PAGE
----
In 1980, Treasurer Parker appeared before the House Retirement Committee, chaired then by Shady Wall of West Monroe, to appeal for improved retirement benefits for state constitutional officers, including herself, the secretary of state, education superintendent, insurance commissioner, elections commissioner (position since discontinued), agriculture commissioner, and attorney general. Greater benefits were then being paid to legislators, former governors, and judges than to these constitutional officers. Wall adjourned the committee without acting on Parker's request. Few on the committee seemed sympathetic to Parker's appeal. One committee member in fact, Ron Gomez of Lafayette, tried to reduce the retirement payments of former governors, judges, and legislators back to the level of Parker and the other constitutional officers, but Wall refused to recognize Gomez to offer his amendment.[8]

Parker served until January 1, 1987, when she retired with nearly a year and a half left in her fifth term. Mary Landrieu, then a state representative from New Orleans, was elected in 1987 to succeed Parker as the state treasurer. Mary Landrieu defeated three fellow Democrats for the post, including two legislative colleagues, former U.S. Representative Claude Anthony "Buddy" Leach, Jr., a wealthy businessman from Leesville and later Lake Charles who later served as state chairman of the Louisiana Democratic Party, and Kevin Reilly, a state representative and then the CEO of the Lamar Advertising Company in Baton Rouge.

On her retirement, Mrs. Parker received an honorary doctorate from her alma mater, Northwestern State University. In 1976, she was named Baton Rouge's "Woman of the Year. She was also listed in Who's Who in America. In 1994, Parker, former state Senator Virginia Shehee, Virginia Martínez, and Lindy Boggs (1916-2013) were among the first nine inductees into the new Louisiana Center for Women and Government Hall of Fame at Nicholls State University in Thibodaux.[9]

In 1996, Parker was inducted into the Louisiana Political Museum and Hall of Fame in Winnfield.[10] She also won the "Past Presidents Award" from the Alliance for Good Government.[4]

Parker and two other Louisiana Democrats, U.S. District Judge Adrian Guy Duplantier, Sr. (1929-2007), and former State Representative Risley C. Triche of Napoleonville in Assumption Parish, were interviewed for the 2001 book, Welfare Racism: Playing the Race Card Against America's Poor. The three testified to their personal knowledge of racism in 1960-1961 in Louisiana against African American public assistance recipients. Parker's expertise on the matter is based on her former tenure as head of the State Welfare Board.[11]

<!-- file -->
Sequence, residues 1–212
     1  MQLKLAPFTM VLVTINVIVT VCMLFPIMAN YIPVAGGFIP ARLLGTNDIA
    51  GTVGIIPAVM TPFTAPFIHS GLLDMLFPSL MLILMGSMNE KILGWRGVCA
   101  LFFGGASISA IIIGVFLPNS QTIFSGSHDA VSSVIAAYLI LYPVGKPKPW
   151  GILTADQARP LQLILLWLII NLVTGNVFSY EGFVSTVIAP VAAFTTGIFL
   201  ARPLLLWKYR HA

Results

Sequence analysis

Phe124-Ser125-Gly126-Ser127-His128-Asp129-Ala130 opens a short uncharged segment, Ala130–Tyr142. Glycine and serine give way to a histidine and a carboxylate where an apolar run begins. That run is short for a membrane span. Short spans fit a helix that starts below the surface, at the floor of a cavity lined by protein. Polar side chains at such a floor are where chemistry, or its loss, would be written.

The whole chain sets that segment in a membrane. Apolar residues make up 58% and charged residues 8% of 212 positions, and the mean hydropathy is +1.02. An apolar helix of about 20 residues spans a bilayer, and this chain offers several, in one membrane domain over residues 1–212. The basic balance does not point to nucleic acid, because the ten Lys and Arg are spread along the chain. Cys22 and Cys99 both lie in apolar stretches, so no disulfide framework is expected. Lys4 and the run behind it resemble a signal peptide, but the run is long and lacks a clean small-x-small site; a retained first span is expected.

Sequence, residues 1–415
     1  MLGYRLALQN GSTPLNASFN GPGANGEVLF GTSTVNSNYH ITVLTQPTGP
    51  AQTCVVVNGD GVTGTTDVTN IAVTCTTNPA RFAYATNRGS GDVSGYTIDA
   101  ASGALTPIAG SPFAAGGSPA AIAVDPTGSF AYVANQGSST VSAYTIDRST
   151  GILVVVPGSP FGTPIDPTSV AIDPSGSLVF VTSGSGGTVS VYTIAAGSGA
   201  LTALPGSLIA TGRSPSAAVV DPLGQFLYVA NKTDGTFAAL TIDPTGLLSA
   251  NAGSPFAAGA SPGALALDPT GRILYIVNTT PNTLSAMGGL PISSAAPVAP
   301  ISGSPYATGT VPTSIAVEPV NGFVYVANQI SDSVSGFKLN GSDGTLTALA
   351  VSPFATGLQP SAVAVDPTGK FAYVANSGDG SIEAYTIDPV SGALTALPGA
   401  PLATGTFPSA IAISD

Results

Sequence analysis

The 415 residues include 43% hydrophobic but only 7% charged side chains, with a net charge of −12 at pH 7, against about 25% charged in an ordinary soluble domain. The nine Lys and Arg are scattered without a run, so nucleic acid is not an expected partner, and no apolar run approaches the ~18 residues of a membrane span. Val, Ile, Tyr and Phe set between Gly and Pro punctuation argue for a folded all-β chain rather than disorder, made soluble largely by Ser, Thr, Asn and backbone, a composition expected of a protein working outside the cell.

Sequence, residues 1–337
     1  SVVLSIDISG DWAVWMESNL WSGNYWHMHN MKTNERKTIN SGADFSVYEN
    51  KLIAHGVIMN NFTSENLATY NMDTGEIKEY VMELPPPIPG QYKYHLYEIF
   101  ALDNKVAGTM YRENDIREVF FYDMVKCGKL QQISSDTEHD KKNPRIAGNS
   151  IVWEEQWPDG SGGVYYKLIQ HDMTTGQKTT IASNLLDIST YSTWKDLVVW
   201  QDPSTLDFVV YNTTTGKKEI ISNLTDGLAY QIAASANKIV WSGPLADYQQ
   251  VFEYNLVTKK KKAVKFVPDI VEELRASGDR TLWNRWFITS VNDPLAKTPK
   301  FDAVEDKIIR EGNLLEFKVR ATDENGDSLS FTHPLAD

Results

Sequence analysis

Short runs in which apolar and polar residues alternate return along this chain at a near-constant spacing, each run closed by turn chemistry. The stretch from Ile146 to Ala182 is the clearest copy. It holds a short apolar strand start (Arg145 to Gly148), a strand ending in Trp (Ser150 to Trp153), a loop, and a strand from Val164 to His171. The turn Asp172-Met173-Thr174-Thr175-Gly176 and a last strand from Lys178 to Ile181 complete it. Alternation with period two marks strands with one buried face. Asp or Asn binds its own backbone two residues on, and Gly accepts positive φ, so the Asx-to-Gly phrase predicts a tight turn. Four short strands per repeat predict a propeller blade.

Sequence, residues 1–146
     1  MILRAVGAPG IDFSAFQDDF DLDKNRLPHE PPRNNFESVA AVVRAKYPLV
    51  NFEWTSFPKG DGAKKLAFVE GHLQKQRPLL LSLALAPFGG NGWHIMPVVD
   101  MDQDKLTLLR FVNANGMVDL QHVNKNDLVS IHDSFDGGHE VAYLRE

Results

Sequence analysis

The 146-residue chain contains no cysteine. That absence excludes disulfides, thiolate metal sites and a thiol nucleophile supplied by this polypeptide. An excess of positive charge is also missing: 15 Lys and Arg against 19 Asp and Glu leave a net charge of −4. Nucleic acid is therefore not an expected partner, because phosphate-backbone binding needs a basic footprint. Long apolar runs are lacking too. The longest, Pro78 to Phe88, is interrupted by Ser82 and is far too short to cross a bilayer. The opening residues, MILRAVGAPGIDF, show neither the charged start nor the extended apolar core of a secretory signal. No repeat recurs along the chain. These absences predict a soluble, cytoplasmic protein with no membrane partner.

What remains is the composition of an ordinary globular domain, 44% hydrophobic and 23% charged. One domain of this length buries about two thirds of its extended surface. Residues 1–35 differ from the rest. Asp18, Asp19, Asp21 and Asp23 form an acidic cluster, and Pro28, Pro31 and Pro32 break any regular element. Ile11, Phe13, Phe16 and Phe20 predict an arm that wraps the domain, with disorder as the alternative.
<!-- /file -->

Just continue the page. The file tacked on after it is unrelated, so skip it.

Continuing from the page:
Parker died at the age of ninety-four of complications from a heart attack at her home in Baton Rouge early in 2015. A Baptist,[1] Parker is referred to in her obituary as a "lifelong Christian". Her services were held on January 24 at Rabenhorst Funeral Home in Baton Rouge. The obituary does not mention a burial site but lists pallbearers and honorary pallbearers.[4]​ ​


  1. 1.0 1.1 1.2 1.3 1.4 1.5 Matt McKinney (January 17, 2015). Mary Evelyn Parker, longtime Louisiana treasurer, dies at age 94. The Baton Rouge Advocate. Retrieved on January 18, 2015.
  2. Worldwide Guide to Women in Leadership. Retrieved on January 18, 2015.
  3. William Bryant Parker. Retrieved on January 18, 2015.
  4. 4.0 4.1 4.2 4.3 Mary Evelyn Parker obituary. The Baton Rouge Advocate. Retrieved on January 21, 2015.
  5. Minden Herald, January 6, 1964, p. 8.
  6. William Joseph "Bill" Dodd, Peapatch Politics: The Earl Long Era in Louisiana Politics (Baton Rouge: Claitor's Publishers, 1991), pp. 59-60.
  7. [ttps:// Mary Evelyn Parker]. Retrieved on September 29, 2006.
  8. Ron Gomez, My Name Is Ron And I'm a Recovering Legislator: Memoirs of a Louisiana State Representative, (Lafayette: Zemog Publishing, 2000), pp. 73-76, ISBN 0-9700156-0-7
  9. Louisiana Center for Women and Government – Past Inductees. Retrieved on September 6, 2009.
  10. Louisiana Political Museum and Hall of Fame. Retrieved on August 22, 2009.
  11. Kenneth J. Neubeck and Noel A. Cazenave (2001). Welfare Racism: Playing the Race Card Against America's Poor'. Google Books, p. x. ISBN 9780415923408. Retrieved on April 5, 2010. 

​ ​​